When I was asked to be a part of a team of “Google Trainers” for our district back in January, I really had no idea what that meant. As it was explained to me, I would be educating teachers to implement technology into their classrooms. Now I consider myself a fairly savvy tech person, but by no means an expert on anything. I can navigate the web and mainstream programs with ease, problem solve some hardware issues, but mostly, I am really good at asking for help. In fact, I was the winner last year of the most tech tickets at my school! That means, I complained the most about things that needed to be fixed by our tech department. I’m apparently the best at complaining: like gold medal-worthy. Sadly, there was no award.
Attending the Google Summit changed so much for me, but it left me hungry, salivating for more. When I saw the CUE Rockstar conference agenda, I smooth talked my principal into paying for my entry AND my hotel stay in Truckee. Little did he know I would have footed the bill myself.
The format of CUE (Computer Using Educators) Rockstar is unlike any other. It is small, only 70 or so participants. There are only two sessions a day, two hours each, plus a TWO hour lunch. This annoyed me at first. I wanted to learn as much as I could, and take advantage of every opportunity. Why couldn’t I go to more sessions? Let’s just say, these folks know what they’re doing. The leisure time is valuable, far more valuable than the price of admission. Of course, if you’re me, the time is not spent in leisure.
The biggest complaint teachers have about technology is training. We are thrown Chromebooks, Smart Boards, tablets, iPads, Mobis and told to use them in our classroom. We might get an hour of instruction, a 200 page booklet, a list of helpful websites and apps that might lead to good lessons. What we NEVER get is time: time to “play”, time to discover, time to plan a lesson using the new tools. It is in using the new technology that you learn to implement it into your everyday lessons. Time is what I had in Truckee, but it wasn’t just idle time. It was time surrounded by colleagues. Even enjoying street tacos in the Alder Creek Middle School Cafetorium, I was learning. “How do you embed a form onto my web page that only my students can see?” After hours, at the restaurant across the street, the conversations continued until late in the evenings. Time spent collaborating is beyond invaluable.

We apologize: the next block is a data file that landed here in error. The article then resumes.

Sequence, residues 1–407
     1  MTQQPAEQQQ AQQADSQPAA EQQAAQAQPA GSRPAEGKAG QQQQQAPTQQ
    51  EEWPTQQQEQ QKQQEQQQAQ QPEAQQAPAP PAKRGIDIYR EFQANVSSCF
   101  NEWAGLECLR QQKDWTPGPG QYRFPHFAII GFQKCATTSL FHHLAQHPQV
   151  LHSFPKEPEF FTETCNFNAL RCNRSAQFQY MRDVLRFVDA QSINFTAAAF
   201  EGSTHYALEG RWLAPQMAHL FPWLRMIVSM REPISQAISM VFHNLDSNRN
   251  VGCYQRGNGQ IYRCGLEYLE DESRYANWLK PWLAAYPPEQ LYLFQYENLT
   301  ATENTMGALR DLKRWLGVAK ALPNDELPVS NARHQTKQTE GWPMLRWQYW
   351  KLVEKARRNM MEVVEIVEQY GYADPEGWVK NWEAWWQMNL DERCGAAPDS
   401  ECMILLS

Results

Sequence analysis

I was also pleasantly surprised at how much I already knew going into each session. From lessons on Google Earth, Doctopus, Google Forms and even coding, I was quite ahead of the curve. That in itself felt pretty good. In only six months, I had come so very far.
Being a contemplative person by nature, driving down the hill back home, I thought about what I had learned. Sure, I learned some incredible logistic things: listening to Megan Ellis talk about how she implements Doctopus, organizes her Drive and uses Google Forms for reading logs was nothing short of empowering. But there was something else. It was a theme that each presenter shared in one way or another. Technology is an incredible tool. Nevertheless, it is just that, a tool. It is there to help you teach and to help kids learn. It’s not about how fancy and hip you look. In the end, what matters is that students learn to create content, based on standards we teach. We live in this 21st century digital world, but our goal is still the same as it has always been: to create literate, problem-solving, independent-thinking citizens.
That’s when I knew I was a rockstar, and not just because I had the lyrics of “21st Century Digital Boy” blasting on my iPod on Interstate 80 heading home. 🙂